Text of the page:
The most common foodborne illnesses resulting in food poisoning is associated with Salmonella. The primary route of transmission of zoonotic pathogens like salmonella to humans is via food products of animal origin like poultry, dairy, etc. Eggs are incredibly nutritious and economical food available. There is a considerable amount of micro-organisms that are found in and on the eggs. The mode of microbial contamination in eggs can be vertical transmission from infected reproductive tissues to eggs prior to shell formation and horizontal transmission from fecal contamination on the eggshell as the eggs are released via the cloaca, where the excretion of feces also takes place. An effort has been made in the current study to isolate the Salmonella spp. in eggs and understand their resistance pattern against a range of antibiotics. A total of 48 chicken eggs from local and supermarkets that included UV treated egg and boiled egg from both the markets were examined to study the diversity of micro-organisms in the eggshell surface as well as in the internal content.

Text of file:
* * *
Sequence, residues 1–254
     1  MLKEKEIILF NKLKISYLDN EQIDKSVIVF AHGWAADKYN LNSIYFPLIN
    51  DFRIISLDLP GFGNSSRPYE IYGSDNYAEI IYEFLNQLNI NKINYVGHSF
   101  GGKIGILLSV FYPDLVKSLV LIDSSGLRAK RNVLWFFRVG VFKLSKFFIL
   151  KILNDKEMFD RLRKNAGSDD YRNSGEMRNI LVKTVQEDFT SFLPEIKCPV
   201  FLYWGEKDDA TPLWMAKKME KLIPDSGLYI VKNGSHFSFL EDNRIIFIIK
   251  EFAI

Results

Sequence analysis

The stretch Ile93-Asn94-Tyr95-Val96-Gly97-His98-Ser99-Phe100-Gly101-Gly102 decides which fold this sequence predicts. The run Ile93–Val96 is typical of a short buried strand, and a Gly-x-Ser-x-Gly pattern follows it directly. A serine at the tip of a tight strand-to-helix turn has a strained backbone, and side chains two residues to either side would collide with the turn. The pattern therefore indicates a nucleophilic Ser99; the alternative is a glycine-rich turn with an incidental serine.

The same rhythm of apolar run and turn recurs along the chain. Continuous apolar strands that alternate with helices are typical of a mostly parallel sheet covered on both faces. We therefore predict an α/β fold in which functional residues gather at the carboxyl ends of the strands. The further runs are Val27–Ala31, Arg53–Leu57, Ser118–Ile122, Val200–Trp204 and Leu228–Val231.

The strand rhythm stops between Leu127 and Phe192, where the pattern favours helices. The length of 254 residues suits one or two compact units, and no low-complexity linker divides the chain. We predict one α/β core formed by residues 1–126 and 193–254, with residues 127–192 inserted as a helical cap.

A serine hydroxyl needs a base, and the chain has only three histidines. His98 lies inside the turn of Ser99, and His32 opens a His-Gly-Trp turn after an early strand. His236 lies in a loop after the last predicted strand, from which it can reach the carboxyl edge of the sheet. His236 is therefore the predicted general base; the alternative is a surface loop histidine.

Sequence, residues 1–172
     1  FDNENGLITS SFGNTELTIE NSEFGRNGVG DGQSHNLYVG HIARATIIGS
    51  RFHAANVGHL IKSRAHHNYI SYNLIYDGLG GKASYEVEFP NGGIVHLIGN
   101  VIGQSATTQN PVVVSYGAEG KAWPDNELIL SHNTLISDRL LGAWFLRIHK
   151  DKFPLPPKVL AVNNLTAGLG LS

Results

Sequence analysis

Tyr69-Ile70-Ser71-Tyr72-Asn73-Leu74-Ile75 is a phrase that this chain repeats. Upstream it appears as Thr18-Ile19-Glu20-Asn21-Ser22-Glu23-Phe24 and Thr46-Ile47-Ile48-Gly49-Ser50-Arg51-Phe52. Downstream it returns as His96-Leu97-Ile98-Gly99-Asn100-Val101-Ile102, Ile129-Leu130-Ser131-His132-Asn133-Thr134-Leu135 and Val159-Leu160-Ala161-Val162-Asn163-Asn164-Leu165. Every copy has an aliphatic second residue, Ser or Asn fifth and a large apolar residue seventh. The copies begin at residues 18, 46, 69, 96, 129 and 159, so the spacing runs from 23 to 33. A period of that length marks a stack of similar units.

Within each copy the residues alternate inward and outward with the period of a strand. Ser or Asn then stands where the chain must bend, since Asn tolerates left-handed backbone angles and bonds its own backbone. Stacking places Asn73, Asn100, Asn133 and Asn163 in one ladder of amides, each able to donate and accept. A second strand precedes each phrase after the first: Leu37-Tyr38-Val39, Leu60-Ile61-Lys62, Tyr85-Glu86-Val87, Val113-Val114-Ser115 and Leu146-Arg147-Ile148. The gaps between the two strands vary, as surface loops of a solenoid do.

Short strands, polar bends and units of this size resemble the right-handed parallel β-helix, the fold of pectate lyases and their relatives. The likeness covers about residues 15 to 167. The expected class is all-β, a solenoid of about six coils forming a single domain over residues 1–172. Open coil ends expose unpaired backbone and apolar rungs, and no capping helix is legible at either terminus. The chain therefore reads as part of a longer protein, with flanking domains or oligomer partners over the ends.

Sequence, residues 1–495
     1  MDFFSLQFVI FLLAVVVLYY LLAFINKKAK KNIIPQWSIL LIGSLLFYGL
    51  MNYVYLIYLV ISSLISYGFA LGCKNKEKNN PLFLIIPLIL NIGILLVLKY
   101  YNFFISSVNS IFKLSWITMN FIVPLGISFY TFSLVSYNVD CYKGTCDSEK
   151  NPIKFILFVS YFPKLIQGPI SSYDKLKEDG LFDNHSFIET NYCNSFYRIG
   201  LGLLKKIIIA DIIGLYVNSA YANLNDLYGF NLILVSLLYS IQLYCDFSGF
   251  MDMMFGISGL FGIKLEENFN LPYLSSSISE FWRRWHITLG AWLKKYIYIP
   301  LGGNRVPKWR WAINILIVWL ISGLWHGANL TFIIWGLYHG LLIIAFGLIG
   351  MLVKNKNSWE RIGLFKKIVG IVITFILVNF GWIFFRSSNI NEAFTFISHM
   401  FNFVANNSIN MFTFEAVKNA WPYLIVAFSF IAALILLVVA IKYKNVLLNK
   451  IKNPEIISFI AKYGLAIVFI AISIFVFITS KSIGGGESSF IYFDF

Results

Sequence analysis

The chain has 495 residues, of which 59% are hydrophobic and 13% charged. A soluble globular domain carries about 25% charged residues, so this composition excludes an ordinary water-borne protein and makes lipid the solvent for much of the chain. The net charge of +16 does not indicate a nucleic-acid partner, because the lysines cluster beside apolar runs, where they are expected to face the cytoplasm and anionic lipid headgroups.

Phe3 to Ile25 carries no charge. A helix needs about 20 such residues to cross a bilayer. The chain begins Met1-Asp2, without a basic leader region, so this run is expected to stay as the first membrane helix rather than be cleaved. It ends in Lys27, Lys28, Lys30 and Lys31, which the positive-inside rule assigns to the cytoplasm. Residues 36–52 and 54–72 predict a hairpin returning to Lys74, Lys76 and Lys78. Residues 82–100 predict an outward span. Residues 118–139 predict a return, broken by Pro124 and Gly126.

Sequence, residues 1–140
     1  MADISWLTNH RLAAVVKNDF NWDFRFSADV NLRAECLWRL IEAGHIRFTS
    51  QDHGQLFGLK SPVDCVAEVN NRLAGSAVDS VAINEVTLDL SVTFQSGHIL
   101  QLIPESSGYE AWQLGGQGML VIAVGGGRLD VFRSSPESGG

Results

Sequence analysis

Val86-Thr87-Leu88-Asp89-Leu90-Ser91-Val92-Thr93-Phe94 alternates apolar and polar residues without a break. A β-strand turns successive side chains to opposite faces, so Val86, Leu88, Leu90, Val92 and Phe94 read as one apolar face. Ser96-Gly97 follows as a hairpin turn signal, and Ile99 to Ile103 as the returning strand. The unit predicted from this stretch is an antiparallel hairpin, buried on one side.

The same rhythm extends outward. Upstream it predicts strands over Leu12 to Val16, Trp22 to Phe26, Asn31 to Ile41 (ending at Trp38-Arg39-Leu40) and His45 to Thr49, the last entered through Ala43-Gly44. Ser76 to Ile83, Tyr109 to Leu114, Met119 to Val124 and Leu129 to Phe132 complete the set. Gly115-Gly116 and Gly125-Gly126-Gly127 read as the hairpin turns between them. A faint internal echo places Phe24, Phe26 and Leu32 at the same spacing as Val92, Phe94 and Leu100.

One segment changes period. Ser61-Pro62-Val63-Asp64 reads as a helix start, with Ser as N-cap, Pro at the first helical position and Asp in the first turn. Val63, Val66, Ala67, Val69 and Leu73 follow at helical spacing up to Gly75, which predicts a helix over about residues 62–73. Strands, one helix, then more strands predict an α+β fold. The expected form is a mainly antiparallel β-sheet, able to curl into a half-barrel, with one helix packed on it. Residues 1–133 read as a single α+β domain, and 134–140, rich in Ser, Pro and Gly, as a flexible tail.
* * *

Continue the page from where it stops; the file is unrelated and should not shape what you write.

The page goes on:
The methodology included isolation, identification, and antibiotic sensitivity test, Hemolysis, Biofilm Assay, Protein Analysis, SDS-polyacrylamide Gel Electrophoresis, Toxin Isolation, Toxicity assay on human cheek cells. Salmonella spp. was detected in a total of 68% of egg samples. About 22% of the identified Salmonella spp. were resistant to Cefotaxime (30 mcg), Levofloxacin (5 mcg), Aztreonam (30 mcg), Imipenem (10 mcg), Amikacin (30 mcg), and Ceftazidime (30 mcg). Biofilm was formed in more than 50% of the cultures that indicate potential health risks after consumption.
The potentially pathogenic Salmonella isolated from egg samples can be life-threatening and thus effective measures should be taken in order to ensure proper microbial safety before human consumption.
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